The elephant in the room, Michaels argues with wit and style in this vigorous polemic, isn’t race, whether the bad kind, racism, or the good kind, diversity; it’s class. Neither Republicans nor Democrats want to recognize that we have rich people and poor people and that they are growing farther apart.

The trouble with diversity, then, is not just that it won’t solve the problem of economic inequality; it’s that it makes it hard for us even to see the problem. If we’re on the right, of course, it’s not clear that there is a problem. The right tends to regard economic inequality less as a political issue than as something like a fact of nature—maybe temporary (when free markets triumph, it will go away), maybe permanent (if people make the wrong choices, they have to pay for them), and, either way, not that big a deal (today even poor people have TVs; no one had TVs a hundred years ago.) The left [Michaels calls this group “neoliberals”] insists on giving poor people identities; it turns them into black people or Latinos or women and treats them as victims of discrimination, as if in a world without discrimination, inequality would disappear . . . And when people do want . . . to talk about inequality instead of identity, they are criticized by the right as too ideological [class warfare!] and by the left as insufficiently sensitive to the importance of race, sex, gender, et cetera—that is, as too ideological.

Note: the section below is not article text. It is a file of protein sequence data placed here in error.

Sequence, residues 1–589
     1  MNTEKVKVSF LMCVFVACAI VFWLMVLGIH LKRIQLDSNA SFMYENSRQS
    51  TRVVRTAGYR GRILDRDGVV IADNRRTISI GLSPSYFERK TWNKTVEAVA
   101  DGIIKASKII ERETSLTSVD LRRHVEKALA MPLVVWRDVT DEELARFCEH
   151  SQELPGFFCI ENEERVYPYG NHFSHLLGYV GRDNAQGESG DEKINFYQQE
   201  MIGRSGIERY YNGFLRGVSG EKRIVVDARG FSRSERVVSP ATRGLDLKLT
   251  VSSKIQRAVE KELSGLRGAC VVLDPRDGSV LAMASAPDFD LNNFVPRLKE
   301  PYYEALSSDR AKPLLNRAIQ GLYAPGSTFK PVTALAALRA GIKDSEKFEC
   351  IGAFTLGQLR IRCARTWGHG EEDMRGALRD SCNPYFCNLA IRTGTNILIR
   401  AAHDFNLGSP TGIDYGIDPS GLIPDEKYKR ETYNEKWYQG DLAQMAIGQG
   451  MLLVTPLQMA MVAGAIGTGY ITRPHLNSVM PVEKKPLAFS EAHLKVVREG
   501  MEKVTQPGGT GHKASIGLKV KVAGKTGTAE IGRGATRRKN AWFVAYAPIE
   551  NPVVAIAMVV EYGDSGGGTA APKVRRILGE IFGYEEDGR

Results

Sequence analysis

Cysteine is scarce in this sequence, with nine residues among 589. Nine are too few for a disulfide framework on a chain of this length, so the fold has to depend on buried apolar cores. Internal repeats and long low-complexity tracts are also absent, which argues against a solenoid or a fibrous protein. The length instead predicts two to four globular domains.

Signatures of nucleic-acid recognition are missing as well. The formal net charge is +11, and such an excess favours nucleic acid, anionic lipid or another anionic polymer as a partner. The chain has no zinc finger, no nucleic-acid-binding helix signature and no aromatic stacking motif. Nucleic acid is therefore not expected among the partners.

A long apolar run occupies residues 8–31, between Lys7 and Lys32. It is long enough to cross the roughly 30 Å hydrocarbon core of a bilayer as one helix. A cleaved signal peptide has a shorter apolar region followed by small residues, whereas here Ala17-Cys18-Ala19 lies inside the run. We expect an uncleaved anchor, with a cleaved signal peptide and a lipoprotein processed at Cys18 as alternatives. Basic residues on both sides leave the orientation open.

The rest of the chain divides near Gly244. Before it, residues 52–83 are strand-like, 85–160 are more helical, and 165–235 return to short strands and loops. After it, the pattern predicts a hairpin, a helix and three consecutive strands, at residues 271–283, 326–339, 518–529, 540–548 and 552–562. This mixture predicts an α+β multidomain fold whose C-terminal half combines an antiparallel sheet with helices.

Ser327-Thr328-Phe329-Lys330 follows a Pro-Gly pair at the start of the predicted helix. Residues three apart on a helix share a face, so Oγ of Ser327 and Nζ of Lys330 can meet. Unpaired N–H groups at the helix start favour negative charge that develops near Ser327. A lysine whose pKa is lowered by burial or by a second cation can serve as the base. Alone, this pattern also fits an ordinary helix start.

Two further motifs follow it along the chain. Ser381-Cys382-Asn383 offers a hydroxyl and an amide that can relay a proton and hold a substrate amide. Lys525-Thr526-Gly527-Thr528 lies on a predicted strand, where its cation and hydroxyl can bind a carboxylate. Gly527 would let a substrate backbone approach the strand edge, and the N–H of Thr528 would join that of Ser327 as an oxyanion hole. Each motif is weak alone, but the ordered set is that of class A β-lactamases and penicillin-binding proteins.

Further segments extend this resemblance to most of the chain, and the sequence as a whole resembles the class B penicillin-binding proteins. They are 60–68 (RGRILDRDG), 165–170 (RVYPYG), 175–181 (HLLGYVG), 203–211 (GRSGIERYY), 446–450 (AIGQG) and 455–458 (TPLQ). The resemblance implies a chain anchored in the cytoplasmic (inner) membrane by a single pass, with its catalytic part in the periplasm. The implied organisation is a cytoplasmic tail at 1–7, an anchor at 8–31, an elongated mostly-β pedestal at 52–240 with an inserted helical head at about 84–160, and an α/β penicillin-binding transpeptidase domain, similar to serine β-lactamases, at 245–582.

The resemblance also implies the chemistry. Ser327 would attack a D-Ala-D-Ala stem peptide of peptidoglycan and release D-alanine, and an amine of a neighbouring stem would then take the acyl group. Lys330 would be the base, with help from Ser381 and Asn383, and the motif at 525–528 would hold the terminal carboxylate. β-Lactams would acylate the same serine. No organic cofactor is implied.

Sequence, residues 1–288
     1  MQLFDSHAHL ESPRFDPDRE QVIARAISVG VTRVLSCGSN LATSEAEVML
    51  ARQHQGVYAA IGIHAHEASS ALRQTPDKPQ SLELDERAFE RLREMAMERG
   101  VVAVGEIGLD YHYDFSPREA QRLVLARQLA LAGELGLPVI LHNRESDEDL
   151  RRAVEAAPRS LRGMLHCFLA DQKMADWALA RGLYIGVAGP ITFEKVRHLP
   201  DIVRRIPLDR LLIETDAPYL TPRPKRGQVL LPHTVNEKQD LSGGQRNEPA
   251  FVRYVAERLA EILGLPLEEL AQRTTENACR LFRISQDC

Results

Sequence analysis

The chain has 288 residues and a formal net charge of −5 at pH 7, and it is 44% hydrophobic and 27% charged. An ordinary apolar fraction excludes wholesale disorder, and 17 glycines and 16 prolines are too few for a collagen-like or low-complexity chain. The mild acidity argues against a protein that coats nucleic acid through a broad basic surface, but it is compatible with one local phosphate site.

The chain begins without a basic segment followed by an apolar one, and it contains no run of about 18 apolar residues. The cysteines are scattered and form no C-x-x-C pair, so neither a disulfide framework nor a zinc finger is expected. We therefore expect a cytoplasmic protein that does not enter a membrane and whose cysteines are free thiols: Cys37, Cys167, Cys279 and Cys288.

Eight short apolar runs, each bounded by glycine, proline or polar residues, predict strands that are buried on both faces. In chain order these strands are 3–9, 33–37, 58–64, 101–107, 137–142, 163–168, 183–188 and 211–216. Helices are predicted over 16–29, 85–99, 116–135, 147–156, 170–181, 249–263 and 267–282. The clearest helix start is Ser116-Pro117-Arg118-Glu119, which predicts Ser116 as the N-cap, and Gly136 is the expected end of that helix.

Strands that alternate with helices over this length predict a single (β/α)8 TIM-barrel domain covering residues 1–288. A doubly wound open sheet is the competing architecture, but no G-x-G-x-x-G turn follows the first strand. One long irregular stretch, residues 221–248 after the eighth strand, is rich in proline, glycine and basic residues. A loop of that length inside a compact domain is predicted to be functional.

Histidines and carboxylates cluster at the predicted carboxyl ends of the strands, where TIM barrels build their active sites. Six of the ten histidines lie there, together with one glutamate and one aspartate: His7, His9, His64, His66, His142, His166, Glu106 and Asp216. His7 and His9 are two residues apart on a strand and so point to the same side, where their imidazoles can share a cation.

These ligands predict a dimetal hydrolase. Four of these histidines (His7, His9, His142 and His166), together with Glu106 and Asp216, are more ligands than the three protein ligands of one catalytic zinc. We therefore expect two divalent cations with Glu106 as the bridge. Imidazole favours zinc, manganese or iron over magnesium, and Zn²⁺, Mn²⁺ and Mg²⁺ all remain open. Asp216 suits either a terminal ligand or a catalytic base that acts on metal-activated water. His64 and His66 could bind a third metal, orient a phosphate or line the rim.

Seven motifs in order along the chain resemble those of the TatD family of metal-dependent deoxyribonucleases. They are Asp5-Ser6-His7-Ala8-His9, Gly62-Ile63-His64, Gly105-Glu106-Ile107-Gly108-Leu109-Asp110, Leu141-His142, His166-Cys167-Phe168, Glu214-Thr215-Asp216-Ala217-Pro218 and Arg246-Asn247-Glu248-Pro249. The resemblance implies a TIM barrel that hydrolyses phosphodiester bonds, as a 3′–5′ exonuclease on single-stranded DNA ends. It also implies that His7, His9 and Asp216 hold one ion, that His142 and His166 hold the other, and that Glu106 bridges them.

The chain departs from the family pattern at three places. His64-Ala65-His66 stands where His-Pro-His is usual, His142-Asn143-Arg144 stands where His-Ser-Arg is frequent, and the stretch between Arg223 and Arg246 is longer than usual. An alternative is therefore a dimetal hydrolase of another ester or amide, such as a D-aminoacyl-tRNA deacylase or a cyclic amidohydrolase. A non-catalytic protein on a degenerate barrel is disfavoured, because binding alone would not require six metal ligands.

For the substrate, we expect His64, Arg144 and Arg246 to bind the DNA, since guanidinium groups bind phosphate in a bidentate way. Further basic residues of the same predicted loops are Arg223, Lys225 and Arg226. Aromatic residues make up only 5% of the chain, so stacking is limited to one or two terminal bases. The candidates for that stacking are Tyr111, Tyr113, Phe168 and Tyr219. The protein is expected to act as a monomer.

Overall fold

The income gap is growing, as is our national delusion that we are a class-less society. More people, mistakenly, identify themselves as middle class than actually qualify, as if belonging were a marker of status rather than income. In fact, the middle class is shrinking. Another delusion we have is the idea that there is equal opportunity—that everyone, by dint of hard work, can move up in class. Anyone, even a female, can grow up to be president! Michaels, relying on government statistics and a host of academic studies, demonstrates the falsity of American dreaming.

The surest way out of poverty is a good education that leads to decent jobs, but the diversity that every college in the nation embraces does not include the poor; they’re handicapped at the start of the climb. Segregated into poor neighborhoods with poor schools, they are the least likely of “communities” to qualify for diversity-based scholarships. The poor—black, white and every other “minority”—cannot compete. “There are very few poor people at Harvard, or… at any of the 146 colleges that count as “selective”: 3 percent of the students . . . come from the lowest socioeconomic quarter of American society; 74 percent come from the highest.”

The new historians of the working class seem to be turning it into just another separate-but- equal culture. They study its racial, sexual, cultural identifications, its taste in food and entertainment, its belief systems—everything except its work. “Where you used to just distract yourself from economic difference by focusing on cultural difference, now you can celebrate economic difference by pretending it is cultural difference.”[201] Labor Day celebrates the art of the barbecue.